A young woman sings about the advantages of the network Google+ and Internet users marvel. However, not all believe in a hit without a marketing strategy: The singer has up to now left hardly any traces on the web.
On the Internet, it is easy to speak out about anything. For just about any object or state of mind there is a page on the web. It would have gone down as a murmur that a young woman named Ashley Pitman recorded a love song to the social network if it was not about Google, a company led by men who no longer speak of money, but rather of how they will change the world.
In 120 seconds Ms. Pitman praises the advantages of Google+ to the melody of the Queen hit “Another One Bites the Dust”: Finally one can block the “uglies,” “randos,“ and “the friends I never liked.”
This is a way Google promotes its new social network, which is in direct competition with Facebook. The industry song is choreographed in a sort of state of dread: Ashley Pitman sits in a dark room, on the desk lie cold fast food wrappers, she stares at her monitor. She is killing time until the next of her friends’ status updates promises a diversion.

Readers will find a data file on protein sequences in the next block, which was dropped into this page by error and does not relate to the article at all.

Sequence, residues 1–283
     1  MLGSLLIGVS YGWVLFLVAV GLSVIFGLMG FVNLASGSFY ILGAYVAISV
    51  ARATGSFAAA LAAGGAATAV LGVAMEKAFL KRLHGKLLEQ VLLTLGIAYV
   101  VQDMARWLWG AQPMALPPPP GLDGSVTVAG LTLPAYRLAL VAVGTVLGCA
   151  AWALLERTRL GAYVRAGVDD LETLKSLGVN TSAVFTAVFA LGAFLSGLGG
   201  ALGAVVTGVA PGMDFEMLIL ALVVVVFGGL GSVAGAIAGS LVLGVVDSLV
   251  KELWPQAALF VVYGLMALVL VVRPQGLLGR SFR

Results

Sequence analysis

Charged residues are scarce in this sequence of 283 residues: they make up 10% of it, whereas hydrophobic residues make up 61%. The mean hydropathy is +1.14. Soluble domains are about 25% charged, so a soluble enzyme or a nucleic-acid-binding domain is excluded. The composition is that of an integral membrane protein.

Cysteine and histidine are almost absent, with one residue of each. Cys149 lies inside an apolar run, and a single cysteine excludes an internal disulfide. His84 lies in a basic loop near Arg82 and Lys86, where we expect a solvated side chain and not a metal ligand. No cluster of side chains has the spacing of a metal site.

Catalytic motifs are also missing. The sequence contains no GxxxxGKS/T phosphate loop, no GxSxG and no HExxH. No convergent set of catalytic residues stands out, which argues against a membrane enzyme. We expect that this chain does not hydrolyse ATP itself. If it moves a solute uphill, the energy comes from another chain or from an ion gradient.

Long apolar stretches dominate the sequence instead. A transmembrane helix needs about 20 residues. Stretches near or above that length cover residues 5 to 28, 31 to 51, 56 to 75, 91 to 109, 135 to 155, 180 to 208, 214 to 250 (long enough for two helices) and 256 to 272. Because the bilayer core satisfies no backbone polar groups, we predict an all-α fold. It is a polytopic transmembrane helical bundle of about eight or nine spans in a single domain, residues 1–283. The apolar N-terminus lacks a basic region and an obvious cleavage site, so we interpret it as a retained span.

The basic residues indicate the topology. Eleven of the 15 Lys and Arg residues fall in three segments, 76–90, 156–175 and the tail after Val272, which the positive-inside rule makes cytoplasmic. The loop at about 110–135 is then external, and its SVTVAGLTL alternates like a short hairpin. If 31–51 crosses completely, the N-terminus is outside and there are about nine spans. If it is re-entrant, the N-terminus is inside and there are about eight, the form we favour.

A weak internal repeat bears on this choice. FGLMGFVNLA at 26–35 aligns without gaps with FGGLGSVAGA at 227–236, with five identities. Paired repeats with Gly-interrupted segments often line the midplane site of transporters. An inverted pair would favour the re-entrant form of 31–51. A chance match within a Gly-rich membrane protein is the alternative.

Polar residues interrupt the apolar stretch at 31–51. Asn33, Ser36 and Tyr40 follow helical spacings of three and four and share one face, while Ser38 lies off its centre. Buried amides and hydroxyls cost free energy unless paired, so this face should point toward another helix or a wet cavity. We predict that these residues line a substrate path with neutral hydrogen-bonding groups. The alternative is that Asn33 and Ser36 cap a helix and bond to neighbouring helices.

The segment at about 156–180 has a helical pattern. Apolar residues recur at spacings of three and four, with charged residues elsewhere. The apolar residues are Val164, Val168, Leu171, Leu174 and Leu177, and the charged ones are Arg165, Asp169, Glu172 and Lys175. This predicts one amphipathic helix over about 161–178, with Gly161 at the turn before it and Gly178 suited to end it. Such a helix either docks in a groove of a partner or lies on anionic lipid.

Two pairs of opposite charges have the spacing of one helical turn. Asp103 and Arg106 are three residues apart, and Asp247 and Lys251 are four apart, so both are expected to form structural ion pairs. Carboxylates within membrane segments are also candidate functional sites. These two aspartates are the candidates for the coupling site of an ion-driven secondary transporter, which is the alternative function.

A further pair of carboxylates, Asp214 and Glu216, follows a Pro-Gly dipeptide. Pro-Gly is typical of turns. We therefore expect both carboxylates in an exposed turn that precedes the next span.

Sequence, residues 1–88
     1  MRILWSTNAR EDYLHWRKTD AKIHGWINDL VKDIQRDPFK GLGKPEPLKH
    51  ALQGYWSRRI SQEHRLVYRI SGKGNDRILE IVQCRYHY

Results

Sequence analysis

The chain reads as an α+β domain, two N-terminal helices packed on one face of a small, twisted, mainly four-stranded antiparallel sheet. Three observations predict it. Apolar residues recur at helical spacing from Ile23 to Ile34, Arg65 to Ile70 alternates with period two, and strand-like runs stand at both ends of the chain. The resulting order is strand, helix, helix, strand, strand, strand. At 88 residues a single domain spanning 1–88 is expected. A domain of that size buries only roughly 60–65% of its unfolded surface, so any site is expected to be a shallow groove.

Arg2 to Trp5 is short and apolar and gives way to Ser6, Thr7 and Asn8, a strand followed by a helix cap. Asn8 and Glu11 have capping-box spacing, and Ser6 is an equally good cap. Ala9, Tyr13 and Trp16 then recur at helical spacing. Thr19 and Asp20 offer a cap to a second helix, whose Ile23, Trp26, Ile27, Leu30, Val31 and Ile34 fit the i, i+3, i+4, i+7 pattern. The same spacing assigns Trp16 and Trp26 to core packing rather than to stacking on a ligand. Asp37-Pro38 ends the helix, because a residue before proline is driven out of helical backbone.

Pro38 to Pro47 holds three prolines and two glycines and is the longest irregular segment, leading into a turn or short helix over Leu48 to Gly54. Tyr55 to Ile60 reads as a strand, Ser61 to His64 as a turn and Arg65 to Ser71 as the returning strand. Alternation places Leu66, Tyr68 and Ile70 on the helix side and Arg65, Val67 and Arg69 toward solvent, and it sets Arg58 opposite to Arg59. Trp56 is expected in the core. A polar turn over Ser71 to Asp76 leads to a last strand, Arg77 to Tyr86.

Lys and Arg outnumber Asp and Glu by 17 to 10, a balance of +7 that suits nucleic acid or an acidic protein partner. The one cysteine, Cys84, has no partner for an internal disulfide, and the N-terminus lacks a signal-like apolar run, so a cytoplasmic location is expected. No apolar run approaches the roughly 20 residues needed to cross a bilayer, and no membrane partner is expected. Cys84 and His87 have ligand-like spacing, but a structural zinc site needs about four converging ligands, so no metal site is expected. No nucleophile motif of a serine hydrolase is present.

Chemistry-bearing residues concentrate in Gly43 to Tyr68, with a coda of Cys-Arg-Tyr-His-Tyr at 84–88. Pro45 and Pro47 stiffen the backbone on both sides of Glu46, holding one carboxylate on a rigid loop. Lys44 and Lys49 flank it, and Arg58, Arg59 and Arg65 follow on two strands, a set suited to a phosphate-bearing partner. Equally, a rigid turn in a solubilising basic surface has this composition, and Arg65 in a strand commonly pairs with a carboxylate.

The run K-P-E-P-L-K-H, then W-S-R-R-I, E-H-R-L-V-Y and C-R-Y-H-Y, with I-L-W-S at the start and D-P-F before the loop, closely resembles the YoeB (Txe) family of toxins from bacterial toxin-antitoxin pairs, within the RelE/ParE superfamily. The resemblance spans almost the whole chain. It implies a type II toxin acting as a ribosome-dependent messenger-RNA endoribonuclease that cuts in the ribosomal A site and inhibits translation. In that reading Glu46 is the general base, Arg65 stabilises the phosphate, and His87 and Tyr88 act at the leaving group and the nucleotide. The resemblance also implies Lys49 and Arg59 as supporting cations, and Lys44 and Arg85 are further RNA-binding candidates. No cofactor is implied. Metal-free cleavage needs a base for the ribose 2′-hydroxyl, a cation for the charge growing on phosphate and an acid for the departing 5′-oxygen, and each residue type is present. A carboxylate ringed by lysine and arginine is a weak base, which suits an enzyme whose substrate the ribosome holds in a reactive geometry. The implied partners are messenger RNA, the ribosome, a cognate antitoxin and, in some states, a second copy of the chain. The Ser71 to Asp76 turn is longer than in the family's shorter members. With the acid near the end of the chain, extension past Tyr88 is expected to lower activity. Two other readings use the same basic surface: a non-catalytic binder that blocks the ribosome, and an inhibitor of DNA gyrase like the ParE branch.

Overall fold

A few hundred thousand people have seen the video on YouTube. There is also a Facebook song, which has received more than 10 million hits. The Facebook clip was supposedly recorded by two comics without economic interests. The authorship of the Google+ song is still unclear.
25 million users have registered with Google+ since its start in June. With enhancements like the Angry Birds game, Google+ is making clear that it wants to contend with Facebook for customers and advertising. Nevertheless, Facebook has 600 million members world-wide; in comparison, Google+ is barely visible.
Reactions to Ashley Pitman’s Google+ promises are mixed. Some criticize that the memory of Queen vocalist Freddy Mercury, who died in 1991, is being sullied. Others think that it could be an attempted viral marketing campaign.
The list of fake personal profiles on the Internet is as endless as the web itself. The most well-known example is lonelygirl115, an allegedly distressed teenager, who reports about her life on YouTube. The access statistics climb and climb — until it turns out that the lonely girl is an actress and only wanted to be noticed by a film production company through her video diary.
The Google+ video originates from the American website break.com. There, equally bad and silly videos of very drunken students are published — a mixture of RTL-Explosiv and America’s Funniest Home Videos.
Ashley Pitman claims on her Google+ profile to be who she says she is: a real user. However, on the networks popular up to now — from Twitter to Myspace — there is no trace of her, except for the clip.
That is unlikely, because today just about every 10- to 60-year-old leaves behind a digital footprint in social networks. Google insists, by the way, that users only register with real names in Google+.